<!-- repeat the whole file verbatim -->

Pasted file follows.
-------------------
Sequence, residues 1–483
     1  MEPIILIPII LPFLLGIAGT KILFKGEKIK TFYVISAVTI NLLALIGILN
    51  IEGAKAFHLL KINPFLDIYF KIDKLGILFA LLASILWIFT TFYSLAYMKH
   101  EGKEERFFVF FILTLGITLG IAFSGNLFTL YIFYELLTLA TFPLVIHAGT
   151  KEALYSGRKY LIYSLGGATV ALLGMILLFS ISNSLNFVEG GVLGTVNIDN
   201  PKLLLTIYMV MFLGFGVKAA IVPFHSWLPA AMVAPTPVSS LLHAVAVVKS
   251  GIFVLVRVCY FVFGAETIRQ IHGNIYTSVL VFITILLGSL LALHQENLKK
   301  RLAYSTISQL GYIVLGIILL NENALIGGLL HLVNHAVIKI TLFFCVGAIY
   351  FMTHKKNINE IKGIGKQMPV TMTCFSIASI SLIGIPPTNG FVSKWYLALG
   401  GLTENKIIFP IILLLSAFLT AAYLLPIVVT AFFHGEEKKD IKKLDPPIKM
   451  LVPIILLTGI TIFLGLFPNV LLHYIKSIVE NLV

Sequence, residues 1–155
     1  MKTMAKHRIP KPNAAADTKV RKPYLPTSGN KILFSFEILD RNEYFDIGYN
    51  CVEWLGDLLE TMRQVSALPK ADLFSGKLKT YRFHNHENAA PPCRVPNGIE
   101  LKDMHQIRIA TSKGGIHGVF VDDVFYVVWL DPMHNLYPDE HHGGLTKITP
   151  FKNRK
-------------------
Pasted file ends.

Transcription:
Sequence, residues 1–483
     1  MEPIILIPII LPFLLGIAGT KILFKGEKIK TFYVISAVTI NLLALIGILN
    51  IEGAKAFHLL KINPFLDIYF KIDKLGILFA LLASILWIFT TFYSLAYMKH
   101  EGKEERFFVF FILTLGITLG IAFSGNLFTL YIFYELLTLA TFPLVIHAGT
   151  KEALYSGRKY LIYSLGGATV ALLGMILLFS ISNSLNFVEG GVLGTVNIDN
   201  PKLLLTIYMV MFLGFGVKAA IVPFHSWLPA AMVAPTPVSS LLHAVAVVKS
   251  GIFVLVRVCY FVFGAETIRQ IHGNIYTSVL VFITILLGSL LALHQENLKK
   301  RLAYSTISQL GYIVLGIILL NENALIGGLL HLVNHAVIKI TLFFCVGAIY
   351  FMTHKKNINE IKGIGKQMPV TMTCFSIASI SLIGIPPTNG FVSKWYLALG
   401  GLTENKIIFP IILLLSAFLT AAYLLPIVVT AFFHGEEKKD IKKLDPPIKM
   451  LVPIILLTGI TIFLGLFPNV LLHYIKSIVE NLV

Sequence, residues 1–155
     1  MKTMAKHRIP KPNAAADTKV RKPYLPTSGN KILFSFEILD RNEYFDIGYN
    51  CVEWLGDLLE TMRQVSALPK ADLFSGKLKT YRFHNHENAA PPCRVPNGIE
   101  LKDMHQIRIA TSKGGIHGVF VDDVFYVVWL DPMHNLYPDE HHGGLTKITP
   151  FKNRK